One hundred and fifty years ago, the Civil War was at its climax in Arkansas. Following several years of armies chasing each other across the region, the Confederate army had the blue coats right where they wanted them- in full retreat into an area where the Union forces would surely surrender after being cut of from Little Rock. Had the plan gone accordingly, the outcome of the war would have surely been different.
General Steele was fleeing Camden toward Little Rock following a series of devastating battles. The Confederate army was closing in fast as the rebel forces caught up with the yankees in the Saline River bottoms near Guesses Creek and Jenkins Ferry. A two day battle erupted leaving both armies weary and completely bereft of supplies.
As rain flooded the bottoms, both armies fought for two days in a quagmired region of flooded fields and impassable roads. Though half of Steele’s army was able to retreat to Little Rock unscathed, the remaining federal forces dug in and held their lines as wave after wave of Confederate attacks failed, leaving field after field filled with dead and wounded soldiers from both sides.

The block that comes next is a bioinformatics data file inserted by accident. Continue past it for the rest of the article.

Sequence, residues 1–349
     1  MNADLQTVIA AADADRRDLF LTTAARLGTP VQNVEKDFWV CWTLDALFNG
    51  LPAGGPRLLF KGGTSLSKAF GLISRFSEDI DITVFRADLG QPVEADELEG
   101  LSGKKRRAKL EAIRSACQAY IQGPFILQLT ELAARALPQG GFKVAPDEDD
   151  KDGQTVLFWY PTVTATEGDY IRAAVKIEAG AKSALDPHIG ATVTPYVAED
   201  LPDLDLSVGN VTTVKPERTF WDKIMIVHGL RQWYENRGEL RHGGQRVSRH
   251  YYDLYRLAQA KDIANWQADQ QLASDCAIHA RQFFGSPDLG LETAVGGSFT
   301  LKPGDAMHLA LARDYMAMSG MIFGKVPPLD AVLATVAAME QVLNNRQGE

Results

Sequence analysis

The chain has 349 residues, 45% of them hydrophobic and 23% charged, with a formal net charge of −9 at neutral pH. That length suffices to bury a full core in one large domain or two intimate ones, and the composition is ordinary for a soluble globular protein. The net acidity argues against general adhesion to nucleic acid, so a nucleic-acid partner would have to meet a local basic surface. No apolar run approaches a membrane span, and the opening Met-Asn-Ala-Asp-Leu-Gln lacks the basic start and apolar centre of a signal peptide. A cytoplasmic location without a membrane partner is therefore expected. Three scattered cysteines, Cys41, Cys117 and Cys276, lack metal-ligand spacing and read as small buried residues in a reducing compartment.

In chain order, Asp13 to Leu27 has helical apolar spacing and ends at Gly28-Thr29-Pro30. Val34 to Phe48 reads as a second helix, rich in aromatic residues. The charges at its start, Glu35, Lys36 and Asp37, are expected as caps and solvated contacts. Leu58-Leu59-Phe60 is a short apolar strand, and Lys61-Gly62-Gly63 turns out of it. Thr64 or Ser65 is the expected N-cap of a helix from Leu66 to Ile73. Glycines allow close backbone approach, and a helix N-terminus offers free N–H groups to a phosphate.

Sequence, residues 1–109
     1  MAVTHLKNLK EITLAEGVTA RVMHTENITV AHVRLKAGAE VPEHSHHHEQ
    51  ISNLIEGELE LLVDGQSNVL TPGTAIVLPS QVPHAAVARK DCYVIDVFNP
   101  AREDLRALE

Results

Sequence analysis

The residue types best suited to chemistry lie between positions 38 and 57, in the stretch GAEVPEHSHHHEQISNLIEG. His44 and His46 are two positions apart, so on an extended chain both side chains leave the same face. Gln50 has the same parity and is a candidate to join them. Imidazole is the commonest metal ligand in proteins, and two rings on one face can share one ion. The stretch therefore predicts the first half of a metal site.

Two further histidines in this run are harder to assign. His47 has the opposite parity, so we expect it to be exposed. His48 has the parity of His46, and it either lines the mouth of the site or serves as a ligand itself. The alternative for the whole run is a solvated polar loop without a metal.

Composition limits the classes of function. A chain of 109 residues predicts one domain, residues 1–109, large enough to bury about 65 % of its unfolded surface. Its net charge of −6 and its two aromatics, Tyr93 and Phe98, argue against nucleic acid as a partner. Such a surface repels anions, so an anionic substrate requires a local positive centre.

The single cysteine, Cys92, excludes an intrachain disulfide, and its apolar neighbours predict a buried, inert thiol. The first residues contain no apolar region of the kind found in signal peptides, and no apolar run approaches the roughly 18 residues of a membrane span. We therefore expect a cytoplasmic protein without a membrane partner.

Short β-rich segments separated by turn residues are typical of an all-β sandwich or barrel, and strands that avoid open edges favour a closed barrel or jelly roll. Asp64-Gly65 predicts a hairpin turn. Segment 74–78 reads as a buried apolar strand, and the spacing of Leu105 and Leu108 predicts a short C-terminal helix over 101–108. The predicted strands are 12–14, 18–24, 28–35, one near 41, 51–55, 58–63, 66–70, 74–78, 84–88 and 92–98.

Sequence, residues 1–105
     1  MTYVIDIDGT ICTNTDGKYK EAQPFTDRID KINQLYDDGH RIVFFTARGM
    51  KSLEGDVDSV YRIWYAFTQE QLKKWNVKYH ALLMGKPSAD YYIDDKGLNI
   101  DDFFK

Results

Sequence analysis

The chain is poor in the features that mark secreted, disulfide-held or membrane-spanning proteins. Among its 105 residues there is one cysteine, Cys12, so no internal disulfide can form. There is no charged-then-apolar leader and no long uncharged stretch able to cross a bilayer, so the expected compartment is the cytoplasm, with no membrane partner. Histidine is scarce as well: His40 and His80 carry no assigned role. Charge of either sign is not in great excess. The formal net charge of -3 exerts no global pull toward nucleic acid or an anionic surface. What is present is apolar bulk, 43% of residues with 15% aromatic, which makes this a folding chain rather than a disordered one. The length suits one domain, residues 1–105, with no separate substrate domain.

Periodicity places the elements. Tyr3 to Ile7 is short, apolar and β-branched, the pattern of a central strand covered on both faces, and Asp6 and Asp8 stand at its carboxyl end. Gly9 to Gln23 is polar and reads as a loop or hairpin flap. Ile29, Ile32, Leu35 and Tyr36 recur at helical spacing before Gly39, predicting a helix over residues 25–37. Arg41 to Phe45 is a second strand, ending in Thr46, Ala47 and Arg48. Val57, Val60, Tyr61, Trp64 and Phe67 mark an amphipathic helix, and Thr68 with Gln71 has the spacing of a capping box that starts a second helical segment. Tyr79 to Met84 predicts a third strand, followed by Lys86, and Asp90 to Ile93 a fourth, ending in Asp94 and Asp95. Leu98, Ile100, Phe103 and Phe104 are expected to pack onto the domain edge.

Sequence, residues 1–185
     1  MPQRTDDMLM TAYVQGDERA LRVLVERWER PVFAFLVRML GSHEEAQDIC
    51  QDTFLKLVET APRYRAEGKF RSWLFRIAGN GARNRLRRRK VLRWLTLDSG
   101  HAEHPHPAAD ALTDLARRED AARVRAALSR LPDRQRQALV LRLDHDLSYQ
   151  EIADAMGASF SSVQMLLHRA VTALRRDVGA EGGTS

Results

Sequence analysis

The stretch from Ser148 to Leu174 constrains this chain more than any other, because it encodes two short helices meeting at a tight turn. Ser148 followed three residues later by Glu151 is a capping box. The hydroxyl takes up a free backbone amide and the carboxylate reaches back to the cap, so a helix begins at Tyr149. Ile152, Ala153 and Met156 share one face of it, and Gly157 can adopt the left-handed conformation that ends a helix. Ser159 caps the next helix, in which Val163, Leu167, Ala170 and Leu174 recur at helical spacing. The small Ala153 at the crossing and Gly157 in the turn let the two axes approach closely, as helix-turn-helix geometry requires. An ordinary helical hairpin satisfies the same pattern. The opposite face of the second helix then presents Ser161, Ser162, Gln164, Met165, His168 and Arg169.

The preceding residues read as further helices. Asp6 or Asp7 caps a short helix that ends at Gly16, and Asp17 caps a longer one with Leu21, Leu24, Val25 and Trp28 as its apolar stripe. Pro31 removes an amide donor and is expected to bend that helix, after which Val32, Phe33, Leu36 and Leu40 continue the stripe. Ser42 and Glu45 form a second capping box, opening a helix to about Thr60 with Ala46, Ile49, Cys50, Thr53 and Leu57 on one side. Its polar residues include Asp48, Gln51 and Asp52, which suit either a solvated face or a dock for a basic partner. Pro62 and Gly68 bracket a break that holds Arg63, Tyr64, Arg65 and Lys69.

Steele escaped narrowly back to Little Rock, leaving the Confederate forces behind in the flooded Saline River bottoms. The battle of Jenkins Ferry was the last large scale military action that took place during the Civil War in Arkansas.
Military actions that took place in Arkansas this week one hundred and fifty years ago include a skirmish near Princeton on the 28th; skirmishes in the Saline River bottoms and the Ouachita River on the 29th; engagement at Jenkins Ferry and at Whitmore’s Mills on the 30th; a skirmish in Pine Bluff and Lee’s Creek on May 1; a skirmish at Richland Creek on the 3rd; a skirmish on the Saline River on the 4th; and a skirmish at Richland Creek on the 5th.